There is a lot of debate regarding whether video games are beneficial to us or not. Some of them would suggest that violent video games promote aggressive behavior. On the other hand, there are those who state that playing video games is most beneficial to or mental health. Video games can improve memory by challenging brain areas associated with advanced spatial recognition, long-term memory, and complex learning.
It’s of little wonder that 3-D games, more specifically games which are focused on character creation and world immersion, can help keep those little gray cells alive and kicking. The new study highlighting the benefits of playing 3-D games has been performed by a team of scientists from the University of California Irvine. Although not being the first one to plead in the favor of playing games, the study comes nonetheless to stress out how the health benefits of immersing in another world.
Scientist discovered that people who play video games on a regular basis have increased hand-eye coordination and better reflexes. The study performed at the University of California Irvine proved that the areas responsible for memory formation were 12 percent more developed in the patients who engaged in video games.
This assessment may yet hold the key to developing new responsive therapies, which could be capable of keeping Alzheimer’s and other forms of dementia at bay. The research group who conducted this experiment said that that most video games challenge a brain area called the hippocampus.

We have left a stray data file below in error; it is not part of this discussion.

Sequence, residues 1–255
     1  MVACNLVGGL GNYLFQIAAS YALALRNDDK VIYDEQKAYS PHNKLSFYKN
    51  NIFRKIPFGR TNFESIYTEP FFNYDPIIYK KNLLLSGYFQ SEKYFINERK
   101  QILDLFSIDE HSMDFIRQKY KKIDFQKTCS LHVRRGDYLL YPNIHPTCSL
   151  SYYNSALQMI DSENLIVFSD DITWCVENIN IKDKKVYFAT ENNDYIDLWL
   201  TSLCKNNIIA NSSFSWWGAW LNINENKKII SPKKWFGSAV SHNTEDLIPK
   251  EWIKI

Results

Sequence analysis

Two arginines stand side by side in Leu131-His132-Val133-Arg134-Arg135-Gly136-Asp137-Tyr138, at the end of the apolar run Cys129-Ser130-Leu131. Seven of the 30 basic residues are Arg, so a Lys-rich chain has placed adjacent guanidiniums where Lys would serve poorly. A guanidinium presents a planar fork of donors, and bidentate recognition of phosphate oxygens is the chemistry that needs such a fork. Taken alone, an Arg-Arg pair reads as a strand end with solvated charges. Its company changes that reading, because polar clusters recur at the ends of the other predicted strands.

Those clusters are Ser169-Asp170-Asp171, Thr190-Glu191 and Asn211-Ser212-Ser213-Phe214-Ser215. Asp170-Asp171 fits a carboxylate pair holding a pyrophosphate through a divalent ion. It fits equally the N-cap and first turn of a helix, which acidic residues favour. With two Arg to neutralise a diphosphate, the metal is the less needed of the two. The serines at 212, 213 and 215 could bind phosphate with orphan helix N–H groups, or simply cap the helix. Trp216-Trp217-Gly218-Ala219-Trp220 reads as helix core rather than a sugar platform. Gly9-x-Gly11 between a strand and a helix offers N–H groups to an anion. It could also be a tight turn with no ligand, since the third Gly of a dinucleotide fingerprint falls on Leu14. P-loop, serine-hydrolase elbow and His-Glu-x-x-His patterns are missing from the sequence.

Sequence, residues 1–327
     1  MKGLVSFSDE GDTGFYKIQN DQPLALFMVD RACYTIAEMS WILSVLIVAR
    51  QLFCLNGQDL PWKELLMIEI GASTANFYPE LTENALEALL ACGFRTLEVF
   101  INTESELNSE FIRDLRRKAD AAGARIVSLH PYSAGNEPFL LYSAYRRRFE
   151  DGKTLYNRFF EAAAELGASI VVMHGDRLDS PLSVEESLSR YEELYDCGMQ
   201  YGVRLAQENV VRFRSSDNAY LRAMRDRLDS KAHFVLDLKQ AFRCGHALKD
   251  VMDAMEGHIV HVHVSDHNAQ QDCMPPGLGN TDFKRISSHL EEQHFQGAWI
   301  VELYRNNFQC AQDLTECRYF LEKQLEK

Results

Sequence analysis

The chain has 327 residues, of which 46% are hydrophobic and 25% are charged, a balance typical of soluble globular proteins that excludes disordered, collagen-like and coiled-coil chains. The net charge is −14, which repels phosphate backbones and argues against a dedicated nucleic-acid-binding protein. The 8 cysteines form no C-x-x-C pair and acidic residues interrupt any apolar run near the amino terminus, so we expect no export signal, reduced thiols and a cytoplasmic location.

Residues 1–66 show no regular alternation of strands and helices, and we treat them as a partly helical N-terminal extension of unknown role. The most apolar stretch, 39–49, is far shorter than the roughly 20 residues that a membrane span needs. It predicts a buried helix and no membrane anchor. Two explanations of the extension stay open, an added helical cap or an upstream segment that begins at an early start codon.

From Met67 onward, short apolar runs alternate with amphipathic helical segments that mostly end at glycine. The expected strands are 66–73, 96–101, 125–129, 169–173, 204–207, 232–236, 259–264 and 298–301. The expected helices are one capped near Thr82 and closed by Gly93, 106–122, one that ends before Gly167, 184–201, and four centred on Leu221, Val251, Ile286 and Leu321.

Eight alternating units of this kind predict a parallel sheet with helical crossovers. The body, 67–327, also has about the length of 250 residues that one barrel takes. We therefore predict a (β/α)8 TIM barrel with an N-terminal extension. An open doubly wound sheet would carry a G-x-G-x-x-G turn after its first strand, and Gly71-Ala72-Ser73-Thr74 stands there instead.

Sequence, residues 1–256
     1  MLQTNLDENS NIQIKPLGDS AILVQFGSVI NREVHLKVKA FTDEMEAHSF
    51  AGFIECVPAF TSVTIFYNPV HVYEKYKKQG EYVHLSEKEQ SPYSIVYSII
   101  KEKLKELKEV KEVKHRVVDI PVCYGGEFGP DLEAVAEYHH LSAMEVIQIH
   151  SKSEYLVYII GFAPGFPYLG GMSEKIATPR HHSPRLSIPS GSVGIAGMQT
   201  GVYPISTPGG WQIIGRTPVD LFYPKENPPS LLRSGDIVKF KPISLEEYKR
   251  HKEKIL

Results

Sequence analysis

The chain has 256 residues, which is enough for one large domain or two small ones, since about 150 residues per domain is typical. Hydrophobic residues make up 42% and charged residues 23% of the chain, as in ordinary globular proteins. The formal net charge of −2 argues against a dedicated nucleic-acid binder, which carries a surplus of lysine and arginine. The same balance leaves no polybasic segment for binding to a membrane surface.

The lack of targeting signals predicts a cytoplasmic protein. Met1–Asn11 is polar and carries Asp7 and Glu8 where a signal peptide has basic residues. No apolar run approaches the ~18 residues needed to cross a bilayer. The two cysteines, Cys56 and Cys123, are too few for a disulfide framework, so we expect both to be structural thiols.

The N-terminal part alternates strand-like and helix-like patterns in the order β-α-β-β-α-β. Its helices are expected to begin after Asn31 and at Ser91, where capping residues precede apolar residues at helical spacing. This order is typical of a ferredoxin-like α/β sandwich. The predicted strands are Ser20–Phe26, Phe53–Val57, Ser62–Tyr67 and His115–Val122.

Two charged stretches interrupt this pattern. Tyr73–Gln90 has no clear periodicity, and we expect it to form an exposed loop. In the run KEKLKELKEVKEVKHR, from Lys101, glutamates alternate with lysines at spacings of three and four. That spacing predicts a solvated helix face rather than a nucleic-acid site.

Traditionally, the hippocampal are is associated with long- and short- term memory, advanced learning techniques and spatial positioning. Naturally, video games which are based on logical puzzles can help us to increase the efficiency on information processing in these brain areas.
In order to verify the validity of their claims, the team of scientists enrolled over 30000 students in this project. After a period of two weeks, after the students engaged in several gaming activities, they were asked to complete a set of tests which are designed in order to ascertain certain aspects regarding the hippocampal brain area.
The team also notes that there is a significant difference between playing 3-D and 2-D video games, although they cannot state for sure what this dichotomy entails. The team explains that this difference arises when different parts of the brain are stimulated. It could very well be that exploring a 3-D environment is more challenging in terms of brain processes than a conventional 2-D maze.
The study has been published in the Journal of Neurosciences on the 9th of December, stating clearly that there are any number of benefits for playing video games. This process enhances our long-term memory, increases the reflex rate and hand-to-eye coordination.